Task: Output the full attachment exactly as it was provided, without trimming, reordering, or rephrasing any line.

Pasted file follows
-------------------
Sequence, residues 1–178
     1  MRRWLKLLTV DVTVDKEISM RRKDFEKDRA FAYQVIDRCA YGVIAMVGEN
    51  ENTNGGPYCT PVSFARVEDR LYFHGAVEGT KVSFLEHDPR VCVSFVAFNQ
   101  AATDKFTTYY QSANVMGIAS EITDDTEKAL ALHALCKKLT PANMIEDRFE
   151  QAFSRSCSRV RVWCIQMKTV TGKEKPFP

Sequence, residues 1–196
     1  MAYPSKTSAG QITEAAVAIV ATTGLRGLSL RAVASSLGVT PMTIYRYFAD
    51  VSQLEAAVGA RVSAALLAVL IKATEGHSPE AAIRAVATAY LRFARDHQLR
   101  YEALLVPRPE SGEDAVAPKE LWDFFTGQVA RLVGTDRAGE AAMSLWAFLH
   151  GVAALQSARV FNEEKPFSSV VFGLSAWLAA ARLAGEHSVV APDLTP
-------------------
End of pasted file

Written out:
Sequence, residues 1–178
     1  MRRWLKLLTV DVTVDKEISM RRKDFEKDRA FAYQVIDRCA YGVIAMVGEN
    51  ENTNGGPYCT PVSFARVEDR LYFHGAVEGT KVSFLEHDPR VCVSFVAFNQ
   101  AATDKFTTYY QSANVMGIAS EITDDTEKAL ALHALCKKLT PANMIEDRFE
   151  QAFSRSCSRV RVWCIQMKTV TGKEKPFP

Sequence, residues 1–196
     1  MAYPSKTSAG QITEAAVAIV ATTGLRGLSL RAVASSLGVT PMTIYRYFAD
    51  VSQLEAAVGA RVSAALLAVL IKATEGHSPE AAIRAVATAY LRFARDHQLR
   101  YEALLVPRPE SGEDAVAPKE LWDFFTGQVA RLVGTDRAGE AAMSLWAFLH
   151  GVAALQSARV FNEEKPFSSV VFGLSAWLAA ARLAGEHSVV APDLTP